These works reference traditional print methods by playing with the idea of color separations and halftoning. The halftone process itself is a form of reproduction, transforming a continuous tone into a series of dots. As an artist, I am interested in the interplay between mechanical reproduction and hand-created marks, and how halftone printmaking can bring these two elements together.
For the backgrounds, I began with details photographed from some of my own monoprints that I “reproduced” rather unfaithfully with enlarged halftone dots and varying color combinations. They feature layers of halftoning with vector drawn objects overprinted on them that interplay and intersect, creating a visual dialogue between the different elements. By incorporating my own artwork within the composition, I am blurring the boundaries between the original image and the printed reproduction, and inviting the viewer to consider the relationship between the two.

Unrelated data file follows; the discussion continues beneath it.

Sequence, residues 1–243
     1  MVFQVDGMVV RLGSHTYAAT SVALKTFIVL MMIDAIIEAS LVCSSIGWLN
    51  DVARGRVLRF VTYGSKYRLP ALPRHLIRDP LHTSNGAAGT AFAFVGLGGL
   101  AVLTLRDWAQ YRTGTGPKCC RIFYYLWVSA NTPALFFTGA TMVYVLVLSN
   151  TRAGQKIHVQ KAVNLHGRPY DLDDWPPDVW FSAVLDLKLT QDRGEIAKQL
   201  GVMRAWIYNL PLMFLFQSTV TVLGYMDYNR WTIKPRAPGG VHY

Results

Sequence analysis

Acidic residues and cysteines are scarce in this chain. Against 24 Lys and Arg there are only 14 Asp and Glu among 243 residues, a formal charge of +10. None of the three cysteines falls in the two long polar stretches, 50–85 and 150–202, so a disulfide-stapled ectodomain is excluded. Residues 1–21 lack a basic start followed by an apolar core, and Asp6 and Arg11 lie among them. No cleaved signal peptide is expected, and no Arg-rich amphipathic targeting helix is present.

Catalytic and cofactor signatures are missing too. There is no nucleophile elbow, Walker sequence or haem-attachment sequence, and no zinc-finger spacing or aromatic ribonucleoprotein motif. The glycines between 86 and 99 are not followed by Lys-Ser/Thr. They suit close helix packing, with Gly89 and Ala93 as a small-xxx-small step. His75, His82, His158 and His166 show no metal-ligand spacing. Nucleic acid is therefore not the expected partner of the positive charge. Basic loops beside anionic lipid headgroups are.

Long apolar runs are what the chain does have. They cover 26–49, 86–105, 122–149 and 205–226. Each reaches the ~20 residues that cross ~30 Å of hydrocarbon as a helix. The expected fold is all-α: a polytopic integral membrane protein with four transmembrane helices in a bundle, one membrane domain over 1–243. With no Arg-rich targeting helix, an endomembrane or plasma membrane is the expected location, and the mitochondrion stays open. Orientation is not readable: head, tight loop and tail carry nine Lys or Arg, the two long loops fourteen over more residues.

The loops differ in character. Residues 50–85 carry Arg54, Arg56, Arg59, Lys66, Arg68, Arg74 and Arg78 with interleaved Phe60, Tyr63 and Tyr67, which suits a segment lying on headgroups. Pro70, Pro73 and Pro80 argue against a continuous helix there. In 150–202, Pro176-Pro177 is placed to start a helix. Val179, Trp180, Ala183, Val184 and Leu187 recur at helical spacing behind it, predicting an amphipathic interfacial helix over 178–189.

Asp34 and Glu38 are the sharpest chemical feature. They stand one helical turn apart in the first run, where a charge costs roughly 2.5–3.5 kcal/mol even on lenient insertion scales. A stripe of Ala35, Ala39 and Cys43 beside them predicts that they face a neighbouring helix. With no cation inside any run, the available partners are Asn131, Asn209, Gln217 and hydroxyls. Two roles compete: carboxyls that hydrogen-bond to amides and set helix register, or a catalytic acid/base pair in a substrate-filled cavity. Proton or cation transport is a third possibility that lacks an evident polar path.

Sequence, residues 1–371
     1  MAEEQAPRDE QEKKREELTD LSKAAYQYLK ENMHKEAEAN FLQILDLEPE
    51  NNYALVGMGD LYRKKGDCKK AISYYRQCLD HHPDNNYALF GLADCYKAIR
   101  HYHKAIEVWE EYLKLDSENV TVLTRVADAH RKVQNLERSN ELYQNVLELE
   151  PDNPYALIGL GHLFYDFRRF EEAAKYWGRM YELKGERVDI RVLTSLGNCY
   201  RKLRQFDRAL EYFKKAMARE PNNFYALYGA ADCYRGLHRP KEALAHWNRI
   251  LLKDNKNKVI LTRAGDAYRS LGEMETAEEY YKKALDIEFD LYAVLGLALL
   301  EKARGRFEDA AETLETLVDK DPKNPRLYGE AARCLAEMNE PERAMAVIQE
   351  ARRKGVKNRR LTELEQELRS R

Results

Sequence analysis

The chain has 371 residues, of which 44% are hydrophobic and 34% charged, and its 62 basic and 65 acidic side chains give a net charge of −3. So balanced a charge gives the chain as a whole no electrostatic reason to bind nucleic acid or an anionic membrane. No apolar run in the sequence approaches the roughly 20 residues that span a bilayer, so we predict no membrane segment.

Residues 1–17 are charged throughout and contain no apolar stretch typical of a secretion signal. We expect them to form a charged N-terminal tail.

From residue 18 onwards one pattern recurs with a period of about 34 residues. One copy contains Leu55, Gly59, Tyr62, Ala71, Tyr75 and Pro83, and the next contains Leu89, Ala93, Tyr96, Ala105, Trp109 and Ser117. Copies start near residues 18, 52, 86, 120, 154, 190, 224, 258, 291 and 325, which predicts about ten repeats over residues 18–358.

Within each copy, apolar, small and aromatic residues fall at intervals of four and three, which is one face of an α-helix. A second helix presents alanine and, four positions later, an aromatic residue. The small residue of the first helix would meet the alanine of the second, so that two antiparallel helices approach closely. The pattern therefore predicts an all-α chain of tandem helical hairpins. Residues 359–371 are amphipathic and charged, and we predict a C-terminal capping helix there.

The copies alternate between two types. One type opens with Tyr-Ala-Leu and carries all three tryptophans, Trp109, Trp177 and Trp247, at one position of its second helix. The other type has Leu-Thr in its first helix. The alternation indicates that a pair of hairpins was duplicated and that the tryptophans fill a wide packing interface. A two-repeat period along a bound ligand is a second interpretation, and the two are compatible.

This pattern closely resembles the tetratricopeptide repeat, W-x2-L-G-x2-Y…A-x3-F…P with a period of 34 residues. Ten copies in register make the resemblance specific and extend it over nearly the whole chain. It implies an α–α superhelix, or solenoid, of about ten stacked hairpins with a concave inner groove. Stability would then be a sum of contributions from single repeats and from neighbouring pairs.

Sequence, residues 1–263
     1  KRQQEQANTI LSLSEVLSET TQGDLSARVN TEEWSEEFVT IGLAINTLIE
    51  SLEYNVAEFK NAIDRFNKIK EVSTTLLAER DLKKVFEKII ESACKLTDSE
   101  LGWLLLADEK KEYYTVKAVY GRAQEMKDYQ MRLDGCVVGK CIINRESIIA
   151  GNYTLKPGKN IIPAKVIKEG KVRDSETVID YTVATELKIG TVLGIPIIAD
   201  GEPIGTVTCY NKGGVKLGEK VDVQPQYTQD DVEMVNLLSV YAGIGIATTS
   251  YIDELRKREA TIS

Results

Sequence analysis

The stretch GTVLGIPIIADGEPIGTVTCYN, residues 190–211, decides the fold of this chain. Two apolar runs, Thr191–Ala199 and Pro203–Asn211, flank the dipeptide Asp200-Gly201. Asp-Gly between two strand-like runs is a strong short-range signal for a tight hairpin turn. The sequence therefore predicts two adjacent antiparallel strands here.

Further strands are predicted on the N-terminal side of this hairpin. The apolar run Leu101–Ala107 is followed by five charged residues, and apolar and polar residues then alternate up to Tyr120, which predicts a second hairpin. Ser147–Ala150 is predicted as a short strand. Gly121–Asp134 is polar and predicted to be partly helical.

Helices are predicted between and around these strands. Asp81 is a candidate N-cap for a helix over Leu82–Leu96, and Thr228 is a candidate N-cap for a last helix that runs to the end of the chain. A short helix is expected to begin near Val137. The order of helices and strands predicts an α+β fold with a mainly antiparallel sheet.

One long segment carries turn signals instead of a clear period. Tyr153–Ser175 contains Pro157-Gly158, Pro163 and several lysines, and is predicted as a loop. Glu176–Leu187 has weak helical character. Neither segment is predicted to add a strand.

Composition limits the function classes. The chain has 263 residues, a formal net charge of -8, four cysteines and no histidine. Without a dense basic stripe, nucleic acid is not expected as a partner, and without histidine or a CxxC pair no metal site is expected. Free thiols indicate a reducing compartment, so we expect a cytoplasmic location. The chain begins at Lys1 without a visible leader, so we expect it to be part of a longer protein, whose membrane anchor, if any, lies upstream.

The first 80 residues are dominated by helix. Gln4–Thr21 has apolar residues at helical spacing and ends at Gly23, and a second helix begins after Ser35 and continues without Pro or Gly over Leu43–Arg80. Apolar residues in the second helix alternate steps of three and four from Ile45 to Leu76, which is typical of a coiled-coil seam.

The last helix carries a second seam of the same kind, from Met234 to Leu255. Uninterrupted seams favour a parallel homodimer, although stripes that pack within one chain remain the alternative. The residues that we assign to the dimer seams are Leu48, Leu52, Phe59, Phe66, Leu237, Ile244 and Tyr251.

In an improvised transfer process, I print my screens (one for each color onto multiple polycarbonate monoprint plates with oil based inks, then run the plates through a press to print onto dampened paper. The linear objects start as vector based drawings that I expose onto a screen and print in the same transfer manner.